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Opinion Level Playing

Opinion Level Playing Field for Bio-based Chemistry and Materials Policy paper on Bio-based Economy in the EU Michael Carus, nova-Institute, Hürth, Germany) Dirk Carrez, Clever Consult, Meise/Belgium by Over the last ten years numerous studies have demonstrated the impressive potential of bio-based products 1 : The production of bio-based chemicals and materials can create ten thousands of new green jobs (Bio 2010, Carrez 2010) 2 , increase resource efficiency and make a considerable contribution to climate protection and innovation. Despite these benefits the investment in industrial biotechnology and biorefineries in Europe remains low. The political and economic framework in the EU does not support the industrial material use of biomass – this is in contrast to bioenergy and especially biofuels, which has expanded rapidly in the EU over the last ten years. The European ‘Innovation Union’ needs to establish a level playing field for bio-based chemistry and materials in order for the EU to realize the potential of greening its process industries. The final version of the policy paper was submitted to the EU Commission and to the public consultation on the ‘bio-based economy for Europe: state of play and future potential’. The policy paper is supported by 85 stakeholders from different associations, agencies, public authorities, foundations, companies, universities, institutes and research centers from all over Europe. Further supporters are welcome and should contact Michael Carus. Making the best out of limited biomass! The impacts of using biomass as an energy source or a material source are quite different. The analysis of recent studies on the macroeconomic effects of the non-food uses of biomass show that the potential benefits of the material use in terms of employment and value added are significantly higher than those arising from the use of biomass for energy. Material uses can directly support 5 to 10 times more employment and 4 to 9 times the value added compared with energy uses. These comparisons relate to the same raw material or the same farmed area, respectively. This is due to the significantly more complex and longer supply chains arising from material uses. (Carus 2010) This is even true for traditional applications of wood: Using wood for particle boards or pulp & paper supports greater employment and value added compared to the production of energy pellets (Pöyry Forest 2006). High resource efficiency in the use of renewable resources can only be achieved with bio-based materials (higher input – output efficiency than biofuels) and strengthened through ‘cascading utilization’. This starts with single or multiple uses (recycling economy) followed by energy use at the end of life. Material use first, then energy – you only burn it once! Most LCA studies show that the material use of biomass delivers GHG mitigation at least equal to first-generation biofuels (each based on the same acreage). Most deliver higher benefits and the best are significantly higher than the benefits of second-generation biofuels (Patel 2008, Carus 52 bioplastics MAGAZINE [03/11] Vol. 6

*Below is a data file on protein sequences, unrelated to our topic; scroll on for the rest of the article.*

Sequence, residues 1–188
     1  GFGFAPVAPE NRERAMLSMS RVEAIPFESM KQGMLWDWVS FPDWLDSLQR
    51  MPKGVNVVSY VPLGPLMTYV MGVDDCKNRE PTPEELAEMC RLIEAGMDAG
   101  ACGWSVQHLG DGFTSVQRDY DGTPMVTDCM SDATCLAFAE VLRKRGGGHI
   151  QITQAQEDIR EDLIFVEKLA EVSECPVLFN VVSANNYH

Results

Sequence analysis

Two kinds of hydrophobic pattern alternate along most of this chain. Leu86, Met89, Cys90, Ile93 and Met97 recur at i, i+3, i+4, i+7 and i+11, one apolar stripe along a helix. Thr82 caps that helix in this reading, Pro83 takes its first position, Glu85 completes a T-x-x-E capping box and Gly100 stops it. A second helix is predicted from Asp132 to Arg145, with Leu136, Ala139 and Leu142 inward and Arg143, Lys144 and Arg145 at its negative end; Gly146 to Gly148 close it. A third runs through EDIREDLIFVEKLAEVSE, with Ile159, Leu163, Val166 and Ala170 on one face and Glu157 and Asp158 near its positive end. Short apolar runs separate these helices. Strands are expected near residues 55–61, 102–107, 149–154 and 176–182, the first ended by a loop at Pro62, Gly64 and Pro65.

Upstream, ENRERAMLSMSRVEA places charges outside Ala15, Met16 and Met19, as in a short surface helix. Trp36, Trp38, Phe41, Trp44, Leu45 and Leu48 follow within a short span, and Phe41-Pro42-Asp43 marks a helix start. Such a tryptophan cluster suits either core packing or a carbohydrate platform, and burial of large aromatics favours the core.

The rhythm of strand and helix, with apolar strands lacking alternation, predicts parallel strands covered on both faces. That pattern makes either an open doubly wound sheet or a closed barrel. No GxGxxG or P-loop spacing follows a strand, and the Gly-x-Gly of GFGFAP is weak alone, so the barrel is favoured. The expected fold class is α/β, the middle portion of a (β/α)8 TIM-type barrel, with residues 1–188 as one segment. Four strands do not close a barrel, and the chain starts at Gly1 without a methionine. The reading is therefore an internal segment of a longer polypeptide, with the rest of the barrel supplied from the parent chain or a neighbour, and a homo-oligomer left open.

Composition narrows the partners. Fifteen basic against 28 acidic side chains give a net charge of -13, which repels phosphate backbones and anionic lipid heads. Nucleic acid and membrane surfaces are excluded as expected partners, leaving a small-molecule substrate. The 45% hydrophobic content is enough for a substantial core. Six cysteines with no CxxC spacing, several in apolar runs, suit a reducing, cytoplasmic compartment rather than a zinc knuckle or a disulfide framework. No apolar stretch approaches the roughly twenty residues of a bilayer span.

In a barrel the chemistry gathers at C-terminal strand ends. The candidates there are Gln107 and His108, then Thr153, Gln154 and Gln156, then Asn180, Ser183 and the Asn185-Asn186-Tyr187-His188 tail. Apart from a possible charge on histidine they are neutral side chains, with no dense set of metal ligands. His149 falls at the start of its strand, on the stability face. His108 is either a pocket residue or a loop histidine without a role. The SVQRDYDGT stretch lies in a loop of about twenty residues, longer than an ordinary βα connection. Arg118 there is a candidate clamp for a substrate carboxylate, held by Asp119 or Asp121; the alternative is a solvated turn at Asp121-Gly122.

Opinion 2010). The environmental assessment will be even more favourable to material uses if the effects of longer-term carbon storage and the potential of cascading utilization are included. Also economies of scale in production and the technical optimization of processes will further improve the carbon balance. There is still a huge potential for innovation – involving thousands of SMEs and multinational companies. While there are numerous options for the provision of renewable energy such as solar and wind energy, hydropower and geothermal energy, the situation in the supply of raw materials to industry is precarious. The material use of biomass is a key technology to secure the supply of industrial raw materials, and its importance increases continuously. The use of biomass for material use is as essential as their use in food – if the oil price reaches new record levels. Especially the chemical industry depends on carbonbased materials in the production of organic compounds, and biomass is the only renewable source of carbon. EU: Low investment in biorefineries and industrial biotechnology Currently, there is only a low investment in biorefineries and industrial biotechnology in Europe – compared to America and Asia. For investment, companies need: • Secure sustainable renewable raw material supply for reasonable prices. • Binding political framework for supporting the bio-based economy: Which political instruments and what kind of political environment will be established in a long lasting manner? Bio-based materials are in competition for feedstock with energy. In contrast to bioenergy and biofuels, there is currently no similar European policy framework to support bio-based materials. Bioenergy and biofuels not only receive high support in R&D, pilot and demonstration plants, but also receive strong ongoing support during commercial production (quotas, tax incentives, green electricity regulations and more). Without comparable support bio-based materials will suffer from underinvestment from the private sectors. The recent policy leads to a market distortion regarding feedstock availability and costs. Even biorefineries that are producing energy and materials will not be able to truly overcome this problem. If the energy market is more attractive because of related incentives and support, biorefinery development will be disproportionately on energy as the main output – without realizing the huge potential of bio-based materials. Market distortion – Competition for biomass for energy versus industrial material use In several EU member states there is in addition to the European biofuel quota of 5.75% by 2010 a considerable support for bioenergy 3 , but almost no support for the industrial material use. With the existing political framework it is much more attractive to use biomass for energy – a misallocation of biomass in terms of resource efficiency? Already today we see competition between both sectors in Europe. High subsidies for energy crops lead to high biomass and land prices that make industrial material use unattractive. In Germany for example the financial support of bioenergy is between 20% (biodiesel) to 80% (bioethanol, small biogas) of the turnover. Establishing a high-volume bio-based economy, including biobased chemistry, bio-based plastics and composites, lubricants and others, feedstock shortages can be foreseen. • Harald Kaeb, narocon, Berlin Jan Ravenstijn, biopolymer consultant, The Netherlands Joachim Venus, ATB, Potsdam-Bornim, Germany bioplastics MAGAZINE [03/11] Vol. 6 53